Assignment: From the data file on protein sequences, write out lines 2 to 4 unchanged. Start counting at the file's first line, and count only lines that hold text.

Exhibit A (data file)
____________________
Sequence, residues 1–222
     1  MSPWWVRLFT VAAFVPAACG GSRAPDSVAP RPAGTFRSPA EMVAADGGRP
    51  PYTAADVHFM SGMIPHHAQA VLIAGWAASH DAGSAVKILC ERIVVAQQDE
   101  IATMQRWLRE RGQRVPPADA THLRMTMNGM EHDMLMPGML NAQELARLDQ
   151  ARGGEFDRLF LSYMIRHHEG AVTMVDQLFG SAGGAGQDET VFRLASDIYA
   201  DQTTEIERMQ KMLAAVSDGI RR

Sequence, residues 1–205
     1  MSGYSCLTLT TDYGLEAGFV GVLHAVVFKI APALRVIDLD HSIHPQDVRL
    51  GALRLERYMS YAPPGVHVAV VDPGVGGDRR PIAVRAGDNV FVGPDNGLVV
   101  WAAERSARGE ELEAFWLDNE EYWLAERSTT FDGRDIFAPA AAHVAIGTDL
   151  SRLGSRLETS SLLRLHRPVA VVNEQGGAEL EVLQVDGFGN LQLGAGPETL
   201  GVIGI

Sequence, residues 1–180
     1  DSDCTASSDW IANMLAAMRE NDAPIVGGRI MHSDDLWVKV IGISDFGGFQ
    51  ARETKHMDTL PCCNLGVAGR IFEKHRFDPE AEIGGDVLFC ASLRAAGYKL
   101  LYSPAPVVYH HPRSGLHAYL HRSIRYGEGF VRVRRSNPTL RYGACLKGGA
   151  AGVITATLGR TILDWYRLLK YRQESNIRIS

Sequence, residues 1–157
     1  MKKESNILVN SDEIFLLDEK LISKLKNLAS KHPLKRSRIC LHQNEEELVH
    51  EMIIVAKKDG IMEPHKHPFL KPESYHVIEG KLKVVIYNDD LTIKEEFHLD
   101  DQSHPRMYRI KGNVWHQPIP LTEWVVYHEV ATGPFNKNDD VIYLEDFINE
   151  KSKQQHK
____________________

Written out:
     1  MSPWWVRLFT VAAFVPAACG GSRAPDSVAP RPAGTFRSPA EMVAADGGRP
    51  PYTAADVHFM SGMIPHHAQA VLIAGWAASH DAGSAVKILC ERIVVAQQDE
   101  IATMQRWLRE RGQRVPPADA THLRMTMNGM EHDMLMPGML NAQELARLDQ